And I no longer consider WSP's choice, or HSCG's choice of speakers or demonstrators to be my guideline for factual information. They both had a local lotion maker from my area as a featured speaker. I bought her products before I knew better. Not only does she not use a preservative, she thinks that vitamin e is a preservative. She also doesn't use a real emulsifier in her lotion (not sure about her cream) - so when you buy a bottle she tells you to wait while she shakes it up first! Another problem with no proper emulsifier is that the lack of one allows the water to better growth microbial stuff since the water isn't fully emulsified.

(I recently had a heavily tainted bottle of lotion from another lotion maker, made without emulsifier, and with "natural, but not chemical" preservatives. There's black strings through the bottle!)
 

CTAnton

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Thank you all...lenarenee I thought it was just me....there's just something about the whole presentation that was so self promotional that I found it to Be a bit of a turn off. And 69 bucks is no small amount for something, as an E book, cost nothing.
I'm on it, CClaudia..I have a half hour before the news....thanks all!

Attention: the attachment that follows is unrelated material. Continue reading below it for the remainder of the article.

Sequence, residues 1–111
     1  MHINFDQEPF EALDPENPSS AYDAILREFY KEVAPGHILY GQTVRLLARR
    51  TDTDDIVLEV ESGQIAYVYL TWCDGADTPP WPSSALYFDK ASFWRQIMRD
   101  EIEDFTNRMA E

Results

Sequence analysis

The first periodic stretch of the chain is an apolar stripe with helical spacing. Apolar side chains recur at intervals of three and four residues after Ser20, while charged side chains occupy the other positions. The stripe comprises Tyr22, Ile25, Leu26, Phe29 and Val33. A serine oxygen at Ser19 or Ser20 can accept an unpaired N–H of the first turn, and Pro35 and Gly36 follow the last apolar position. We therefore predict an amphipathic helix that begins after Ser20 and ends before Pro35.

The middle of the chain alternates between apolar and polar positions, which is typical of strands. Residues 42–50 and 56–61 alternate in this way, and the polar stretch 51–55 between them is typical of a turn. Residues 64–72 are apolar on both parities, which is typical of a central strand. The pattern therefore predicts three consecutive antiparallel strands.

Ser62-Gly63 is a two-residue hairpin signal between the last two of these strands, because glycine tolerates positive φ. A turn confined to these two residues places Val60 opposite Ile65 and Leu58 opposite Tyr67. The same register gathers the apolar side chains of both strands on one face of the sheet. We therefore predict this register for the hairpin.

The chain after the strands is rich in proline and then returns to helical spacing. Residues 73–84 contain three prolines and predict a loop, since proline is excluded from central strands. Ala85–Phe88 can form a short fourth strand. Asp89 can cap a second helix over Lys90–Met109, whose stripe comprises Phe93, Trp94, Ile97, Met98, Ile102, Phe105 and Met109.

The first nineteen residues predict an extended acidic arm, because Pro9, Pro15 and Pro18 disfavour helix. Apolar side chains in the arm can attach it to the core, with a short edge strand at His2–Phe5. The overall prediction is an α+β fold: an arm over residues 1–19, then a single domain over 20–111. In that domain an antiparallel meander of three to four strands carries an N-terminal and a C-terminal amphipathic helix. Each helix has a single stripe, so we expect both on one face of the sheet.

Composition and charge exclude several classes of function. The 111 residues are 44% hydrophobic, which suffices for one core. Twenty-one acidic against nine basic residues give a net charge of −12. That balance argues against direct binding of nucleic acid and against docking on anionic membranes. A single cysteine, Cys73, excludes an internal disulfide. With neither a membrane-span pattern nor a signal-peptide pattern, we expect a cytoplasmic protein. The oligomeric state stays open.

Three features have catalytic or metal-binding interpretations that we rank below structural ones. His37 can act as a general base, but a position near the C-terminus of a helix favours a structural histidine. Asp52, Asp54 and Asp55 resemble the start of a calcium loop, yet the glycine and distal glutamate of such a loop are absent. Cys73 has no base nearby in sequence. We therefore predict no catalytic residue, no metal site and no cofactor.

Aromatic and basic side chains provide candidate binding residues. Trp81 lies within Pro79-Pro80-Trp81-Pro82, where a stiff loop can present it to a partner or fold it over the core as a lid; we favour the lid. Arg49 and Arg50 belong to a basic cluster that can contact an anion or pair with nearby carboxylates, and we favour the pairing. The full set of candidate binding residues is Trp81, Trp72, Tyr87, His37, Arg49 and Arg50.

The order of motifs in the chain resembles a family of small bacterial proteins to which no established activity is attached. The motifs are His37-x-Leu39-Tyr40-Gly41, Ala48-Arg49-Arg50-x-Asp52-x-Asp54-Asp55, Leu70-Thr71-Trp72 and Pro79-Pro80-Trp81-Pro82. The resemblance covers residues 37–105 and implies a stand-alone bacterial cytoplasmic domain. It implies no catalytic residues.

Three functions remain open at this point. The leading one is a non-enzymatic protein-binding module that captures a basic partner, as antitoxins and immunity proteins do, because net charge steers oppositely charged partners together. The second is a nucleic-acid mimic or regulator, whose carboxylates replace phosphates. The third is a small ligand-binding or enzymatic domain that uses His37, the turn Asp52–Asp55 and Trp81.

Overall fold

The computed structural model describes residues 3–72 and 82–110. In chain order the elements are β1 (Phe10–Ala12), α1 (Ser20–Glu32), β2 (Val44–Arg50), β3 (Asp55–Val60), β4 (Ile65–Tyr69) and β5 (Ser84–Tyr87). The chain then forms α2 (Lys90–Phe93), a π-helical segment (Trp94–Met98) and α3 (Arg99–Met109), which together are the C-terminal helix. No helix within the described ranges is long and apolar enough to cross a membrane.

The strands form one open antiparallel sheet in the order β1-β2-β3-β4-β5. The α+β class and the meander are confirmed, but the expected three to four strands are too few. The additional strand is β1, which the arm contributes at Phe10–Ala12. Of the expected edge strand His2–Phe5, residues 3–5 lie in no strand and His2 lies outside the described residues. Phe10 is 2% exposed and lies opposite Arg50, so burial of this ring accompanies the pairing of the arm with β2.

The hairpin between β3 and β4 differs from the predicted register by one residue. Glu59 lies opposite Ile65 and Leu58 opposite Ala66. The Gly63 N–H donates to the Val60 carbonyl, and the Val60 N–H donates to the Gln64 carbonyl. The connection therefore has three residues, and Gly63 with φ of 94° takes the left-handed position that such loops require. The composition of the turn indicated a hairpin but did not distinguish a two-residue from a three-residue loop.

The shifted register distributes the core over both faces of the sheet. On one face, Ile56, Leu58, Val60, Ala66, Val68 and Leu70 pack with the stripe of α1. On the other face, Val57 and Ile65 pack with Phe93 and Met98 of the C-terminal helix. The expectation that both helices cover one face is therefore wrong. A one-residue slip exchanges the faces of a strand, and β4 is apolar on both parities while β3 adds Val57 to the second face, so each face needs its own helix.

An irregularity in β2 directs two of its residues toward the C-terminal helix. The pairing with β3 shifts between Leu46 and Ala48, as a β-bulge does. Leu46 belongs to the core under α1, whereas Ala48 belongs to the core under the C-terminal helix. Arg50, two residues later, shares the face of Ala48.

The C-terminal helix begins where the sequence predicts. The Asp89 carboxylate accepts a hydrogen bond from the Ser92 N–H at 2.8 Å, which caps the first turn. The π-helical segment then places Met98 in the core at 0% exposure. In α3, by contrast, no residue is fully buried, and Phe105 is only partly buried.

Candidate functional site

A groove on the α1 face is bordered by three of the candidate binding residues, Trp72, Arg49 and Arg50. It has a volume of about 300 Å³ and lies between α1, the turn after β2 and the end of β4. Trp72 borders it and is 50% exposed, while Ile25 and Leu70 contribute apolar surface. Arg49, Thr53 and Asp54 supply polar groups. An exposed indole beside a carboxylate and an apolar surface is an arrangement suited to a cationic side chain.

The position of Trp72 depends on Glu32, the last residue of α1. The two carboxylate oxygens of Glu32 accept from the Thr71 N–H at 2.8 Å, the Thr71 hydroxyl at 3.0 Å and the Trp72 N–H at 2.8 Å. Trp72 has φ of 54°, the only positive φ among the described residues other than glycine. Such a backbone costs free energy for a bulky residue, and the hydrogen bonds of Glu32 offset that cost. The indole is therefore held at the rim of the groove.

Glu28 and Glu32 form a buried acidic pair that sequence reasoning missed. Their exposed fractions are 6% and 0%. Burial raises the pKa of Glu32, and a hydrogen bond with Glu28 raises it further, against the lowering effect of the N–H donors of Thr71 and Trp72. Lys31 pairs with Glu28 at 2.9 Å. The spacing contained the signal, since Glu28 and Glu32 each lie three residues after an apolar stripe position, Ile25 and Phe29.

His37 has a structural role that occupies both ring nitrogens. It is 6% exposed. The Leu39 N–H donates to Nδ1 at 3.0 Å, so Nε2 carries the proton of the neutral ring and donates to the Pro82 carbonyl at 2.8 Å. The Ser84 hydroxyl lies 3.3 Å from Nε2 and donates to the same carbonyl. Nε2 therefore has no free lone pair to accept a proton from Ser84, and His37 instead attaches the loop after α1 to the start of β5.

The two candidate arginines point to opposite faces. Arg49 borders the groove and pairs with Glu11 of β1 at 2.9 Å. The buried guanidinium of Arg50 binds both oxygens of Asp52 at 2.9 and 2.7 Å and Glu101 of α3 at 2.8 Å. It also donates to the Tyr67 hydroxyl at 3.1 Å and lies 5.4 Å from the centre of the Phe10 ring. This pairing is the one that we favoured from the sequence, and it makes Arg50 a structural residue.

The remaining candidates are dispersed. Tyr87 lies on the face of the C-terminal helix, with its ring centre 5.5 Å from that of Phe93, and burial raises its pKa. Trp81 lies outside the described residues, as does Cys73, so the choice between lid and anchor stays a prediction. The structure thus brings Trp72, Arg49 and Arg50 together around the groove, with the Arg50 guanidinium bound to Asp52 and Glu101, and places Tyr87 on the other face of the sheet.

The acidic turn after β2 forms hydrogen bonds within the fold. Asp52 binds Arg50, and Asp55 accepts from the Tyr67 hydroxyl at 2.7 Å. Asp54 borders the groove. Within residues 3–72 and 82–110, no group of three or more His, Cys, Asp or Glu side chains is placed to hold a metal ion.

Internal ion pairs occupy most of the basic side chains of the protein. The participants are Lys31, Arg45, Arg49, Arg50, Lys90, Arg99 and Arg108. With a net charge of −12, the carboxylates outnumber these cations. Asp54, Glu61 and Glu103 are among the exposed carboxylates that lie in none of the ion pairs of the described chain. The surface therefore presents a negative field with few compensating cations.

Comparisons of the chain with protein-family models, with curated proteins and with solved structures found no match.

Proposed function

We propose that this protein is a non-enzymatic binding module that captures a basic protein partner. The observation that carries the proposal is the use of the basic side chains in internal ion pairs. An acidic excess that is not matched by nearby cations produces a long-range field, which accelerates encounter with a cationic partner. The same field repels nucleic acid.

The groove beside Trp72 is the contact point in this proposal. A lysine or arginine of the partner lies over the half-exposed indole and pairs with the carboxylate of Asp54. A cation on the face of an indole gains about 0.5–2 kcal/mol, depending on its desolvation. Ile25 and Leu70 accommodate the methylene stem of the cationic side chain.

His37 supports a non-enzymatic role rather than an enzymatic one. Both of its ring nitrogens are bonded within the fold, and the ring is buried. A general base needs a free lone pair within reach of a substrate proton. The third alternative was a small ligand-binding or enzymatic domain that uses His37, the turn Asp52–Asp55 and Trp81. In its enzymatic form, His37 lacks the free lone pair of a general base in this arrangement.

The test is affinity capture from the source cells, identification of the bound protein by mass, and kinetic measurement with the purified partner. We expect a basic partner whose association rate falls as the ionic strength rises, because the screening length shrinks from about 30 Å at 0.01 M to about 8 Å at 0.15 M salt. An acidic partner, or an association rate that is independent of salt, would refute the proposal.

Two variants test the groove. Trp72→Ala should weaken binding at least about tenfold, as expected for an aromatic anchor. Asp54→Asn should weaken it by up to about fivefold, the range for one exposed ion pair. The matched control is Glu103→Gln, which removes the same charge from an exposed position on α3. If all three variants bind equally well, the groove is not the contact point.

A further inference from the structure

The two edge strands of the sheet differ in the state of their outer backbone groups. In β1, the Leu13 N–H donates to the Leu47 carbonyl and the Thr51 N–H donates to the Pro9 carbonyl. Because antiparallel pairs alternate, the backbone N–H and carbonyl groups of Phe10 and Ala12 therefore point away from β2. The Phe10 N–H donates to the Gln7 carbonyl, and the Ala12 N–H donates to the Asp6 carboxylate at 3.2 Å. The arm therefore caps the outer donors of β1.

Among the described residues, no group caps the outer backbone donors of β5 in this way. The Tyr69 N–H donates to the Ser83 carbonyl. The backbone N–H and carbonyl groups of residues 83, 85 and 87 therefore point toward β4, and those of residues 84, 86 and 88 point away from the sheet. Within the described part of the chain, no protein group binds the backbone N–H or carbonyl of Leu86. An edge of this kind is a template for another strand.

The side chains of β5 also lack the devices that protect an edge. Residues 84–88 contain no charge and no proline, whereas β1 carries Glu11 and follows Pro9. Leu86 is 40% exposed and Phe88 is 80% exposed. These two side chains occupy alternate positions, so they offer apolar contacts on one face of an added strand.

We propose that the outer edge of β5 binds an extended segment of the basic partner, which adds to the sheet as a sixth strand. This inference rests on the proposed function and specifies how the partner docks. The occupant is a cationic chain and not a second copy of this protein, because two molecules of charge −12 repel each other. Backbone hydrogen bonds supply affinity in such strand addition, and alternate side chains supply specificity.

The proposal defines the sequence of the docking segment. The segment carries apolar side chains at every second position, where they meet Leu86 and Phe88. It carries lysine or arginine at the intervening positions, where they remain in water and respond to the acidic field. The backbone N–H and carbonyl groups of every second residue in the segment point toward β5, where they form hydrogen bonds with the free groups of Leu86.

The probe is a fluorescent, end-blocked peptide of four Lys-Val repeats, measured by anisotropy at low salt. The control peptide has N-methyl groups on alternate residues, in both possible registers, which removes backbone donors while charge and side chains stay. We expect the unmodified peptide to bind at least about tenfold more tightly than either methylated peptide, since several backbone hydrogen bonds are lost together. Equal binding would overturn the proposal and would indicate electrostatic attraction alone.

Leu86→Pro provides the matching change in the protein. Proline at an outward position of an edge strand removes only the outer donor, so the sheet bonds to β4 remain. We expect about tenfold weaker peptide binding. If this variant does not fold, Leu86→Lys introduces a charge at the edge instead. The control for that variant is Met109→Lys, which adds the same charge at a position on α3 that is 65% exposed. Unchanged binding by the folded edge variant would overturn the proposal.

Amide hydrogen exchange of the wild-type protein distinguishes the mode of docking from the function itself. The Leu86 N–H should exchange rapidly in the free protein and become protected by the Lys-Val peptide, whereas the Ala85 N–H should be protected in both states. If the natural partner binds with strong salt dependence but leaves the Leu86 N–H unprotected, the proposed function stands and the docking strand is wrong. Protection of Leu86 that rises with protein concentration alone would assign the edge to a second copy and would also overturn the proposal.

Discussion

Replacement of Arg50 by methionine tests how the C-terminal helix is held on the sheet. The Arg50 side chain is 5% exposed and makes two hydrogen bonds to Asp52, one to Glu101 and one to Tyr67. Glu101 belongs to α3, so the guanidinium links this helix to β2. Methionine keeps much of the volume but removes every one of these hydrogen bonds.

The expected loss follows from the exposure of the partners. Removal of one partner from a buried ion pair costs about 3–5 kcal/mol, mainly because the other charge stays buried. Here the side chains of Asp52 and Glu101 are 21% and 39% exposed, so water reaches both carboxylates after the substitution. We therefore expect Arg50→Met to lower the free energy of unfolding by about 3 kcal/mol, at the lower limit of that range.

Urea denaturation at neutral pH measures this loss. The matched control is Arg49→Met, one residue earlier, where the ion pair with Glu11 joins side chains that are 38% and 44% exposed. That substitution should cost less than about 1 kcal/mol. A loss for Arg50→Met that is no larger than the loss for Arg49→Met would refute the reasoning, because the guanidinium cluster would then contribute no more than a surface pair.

lenarenee

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69 bucks?? There's enough free YT videos if you're truly interested in the process. I think it's an incredibly foolish way to make hp soap, and shouldn't be taught to newbies. Experienced soapers who really want to mess with controlling volcanos can have at it. There are better and safer ways to get fluid hp.

I wouldn't have a problem with her if she gave credit where credit is due; a simple acknowledgement of where she learned it, while explaining how to do it with modern equipment.
 

CBeardly

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I made the unfortunate decision to purchase her ebook a long time ago because I was hoping to learn something about HP. I was quite disappointed in the ebook & in myself for being so foolish. There's nothing new in there. I was in her FB group for a very short period. Her fans treat her like she's the be all end all of everything HP & soap in general. "Praise Jesus!"
:beatinghead: